Big Changes in the Impact of Childcare on Working Women
By Bryce Covert, Next New Deal Editor
The standard logic goes as follows. Woman gets pregnant. Woman takes time off for pregnancy. Woman finds out how high the cost of childcare is, or how hard it is to leave a child, and drops out of her job within the first year of her child’s life. This logic assumed that very young children pushed women out of the labor force. And it was right—that is, up until recently.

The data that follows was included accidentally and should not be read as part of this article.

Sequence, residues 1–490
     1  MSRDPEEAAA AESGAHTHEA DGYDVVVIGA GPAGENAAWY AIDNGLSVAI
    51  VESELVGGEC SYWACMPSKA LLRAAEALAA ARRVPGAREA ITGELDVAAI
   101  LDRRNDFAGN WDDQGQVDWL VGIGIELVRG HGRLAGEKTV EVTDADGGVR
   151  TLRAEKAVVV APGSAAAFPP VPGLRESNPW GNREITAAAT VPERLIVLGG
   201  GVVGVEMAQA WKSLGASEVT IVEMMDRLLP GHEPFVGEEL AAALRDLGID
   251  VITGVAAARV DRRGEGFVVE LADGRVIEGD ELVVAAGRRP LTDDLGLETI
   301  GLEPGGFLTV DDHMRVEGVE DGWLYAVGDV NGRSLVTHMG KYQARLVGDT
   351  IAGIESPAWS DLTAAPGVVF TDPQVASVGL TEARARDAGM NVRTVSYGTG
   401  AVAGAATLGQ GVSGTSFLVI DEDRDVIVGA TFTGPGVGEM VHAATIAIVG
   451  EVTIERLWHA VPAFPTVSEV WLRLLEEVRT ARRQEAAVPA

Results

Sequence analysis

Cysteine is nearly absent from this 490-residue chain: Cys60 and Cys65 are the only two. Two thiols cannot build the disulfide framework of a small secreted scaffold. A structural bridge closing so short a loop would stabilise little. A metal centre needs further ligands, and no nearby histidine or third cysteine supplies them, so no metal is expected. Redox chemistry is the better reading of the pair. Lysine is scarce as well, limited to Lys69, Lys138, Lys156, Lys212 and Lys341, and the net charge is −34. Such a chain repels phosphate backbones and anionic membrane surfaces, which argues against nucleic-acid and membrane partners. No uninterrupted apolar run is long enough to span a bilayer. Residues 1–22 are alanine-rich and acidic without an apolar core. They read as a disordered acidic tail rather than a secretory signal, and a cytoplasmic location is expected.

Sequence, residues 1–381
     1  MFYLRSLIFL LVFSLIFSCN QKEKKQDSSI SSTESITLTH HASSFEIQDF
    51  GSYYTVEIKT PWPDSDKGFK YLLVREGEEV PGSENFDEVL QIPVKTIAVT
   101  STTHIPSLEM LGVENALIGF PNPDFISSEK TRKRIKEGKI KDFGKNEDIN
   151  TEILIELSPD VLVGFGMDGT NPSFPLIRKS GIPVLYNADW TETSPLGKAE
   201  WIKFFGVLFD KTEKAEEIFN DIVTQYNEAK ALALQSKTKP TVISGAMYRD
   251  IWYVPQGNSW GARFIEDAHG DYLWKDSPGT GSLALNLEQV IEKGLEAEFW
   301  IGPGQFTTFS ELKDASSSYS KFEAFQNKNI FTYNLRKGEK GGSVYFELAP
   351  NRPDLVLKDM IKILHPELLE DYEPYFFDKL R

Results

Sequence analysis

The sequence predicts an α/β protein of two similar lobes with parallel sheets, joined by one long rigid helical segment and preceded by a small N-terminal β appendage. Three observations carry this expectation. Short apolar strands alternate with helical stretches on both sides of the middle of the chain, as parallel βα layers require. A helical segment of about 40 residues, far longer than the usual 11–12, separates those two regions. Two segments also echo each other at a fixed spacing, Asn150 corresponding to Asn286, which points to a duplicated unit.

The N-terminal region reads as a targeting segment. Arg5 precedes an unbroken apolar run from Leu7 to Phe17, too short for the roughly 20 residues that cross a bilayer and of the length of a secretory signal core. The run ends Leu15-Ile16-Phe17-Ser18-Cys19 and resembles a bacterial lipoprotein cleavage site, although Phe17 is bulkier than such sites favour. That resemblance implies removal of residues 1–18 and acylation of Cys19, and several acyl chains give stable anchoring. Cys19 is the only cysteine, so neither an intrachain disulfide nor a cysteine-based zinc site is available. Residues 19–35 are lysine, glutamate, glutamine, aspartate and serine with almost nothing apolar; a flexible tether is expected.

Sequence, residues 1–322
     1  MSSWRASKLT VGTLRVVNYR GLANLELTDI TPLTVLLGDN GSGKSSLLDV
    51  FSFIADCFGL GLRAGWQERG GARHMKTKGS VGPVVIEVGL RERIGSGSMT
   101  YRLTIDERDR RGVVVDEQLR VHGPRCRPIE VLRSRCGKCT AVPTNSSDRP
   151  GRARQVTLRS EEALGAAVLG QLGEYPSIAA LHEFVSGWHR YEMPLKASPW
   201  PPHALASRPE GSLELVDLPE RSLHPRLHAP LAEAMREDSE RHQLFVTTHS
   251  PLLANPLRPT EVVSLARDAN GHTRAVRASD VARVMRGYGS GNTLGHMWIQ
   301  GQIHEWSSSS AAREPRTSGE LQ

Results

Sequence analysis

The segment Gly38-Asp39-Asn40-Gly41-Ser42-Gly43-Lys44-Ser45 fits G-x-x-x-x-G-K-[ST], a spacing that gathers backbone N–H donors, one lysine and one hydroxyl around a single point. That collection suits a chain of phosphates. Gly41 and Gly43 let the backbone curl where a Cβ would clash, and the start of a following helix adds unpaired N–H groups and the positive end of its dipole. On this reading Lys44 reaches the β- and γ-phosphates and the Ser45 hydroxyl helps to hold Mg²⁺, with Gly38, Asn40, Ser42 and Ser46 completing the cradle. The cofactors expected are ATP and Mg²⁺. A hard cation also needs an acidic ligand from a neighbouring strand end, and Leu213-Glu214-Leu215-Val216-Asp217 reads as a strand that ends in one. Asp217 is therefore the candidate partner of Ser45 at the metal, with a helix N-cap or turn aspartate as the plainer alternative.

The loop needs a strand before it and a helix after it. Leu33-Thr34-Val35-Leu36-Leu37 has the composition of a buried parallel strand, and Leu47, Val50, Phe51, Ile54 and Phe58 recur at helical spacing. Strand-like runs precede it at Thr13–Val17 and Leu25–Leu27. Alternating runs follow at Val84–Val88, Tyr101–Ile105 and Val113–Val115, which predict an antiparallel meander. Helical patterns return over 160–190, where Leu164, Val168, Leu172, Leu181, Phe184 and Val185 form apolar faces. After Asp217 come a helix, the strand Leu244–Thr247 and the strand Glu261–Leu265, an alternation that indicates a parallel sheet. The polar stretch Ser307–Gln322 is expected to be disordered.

Last week I wrote about some new evidence that some women do in fact opt out of the labor force. The study shows that a significant percentage of college-educated women whose husbands make more money have the urge to leave their careers. I speculated that while this is clearly about the gender wage gap, it may also be about childcare duties. After all, many couples still assume that only a wife’s, and not a husband’s, income goes toward paying for someone to watch the little one.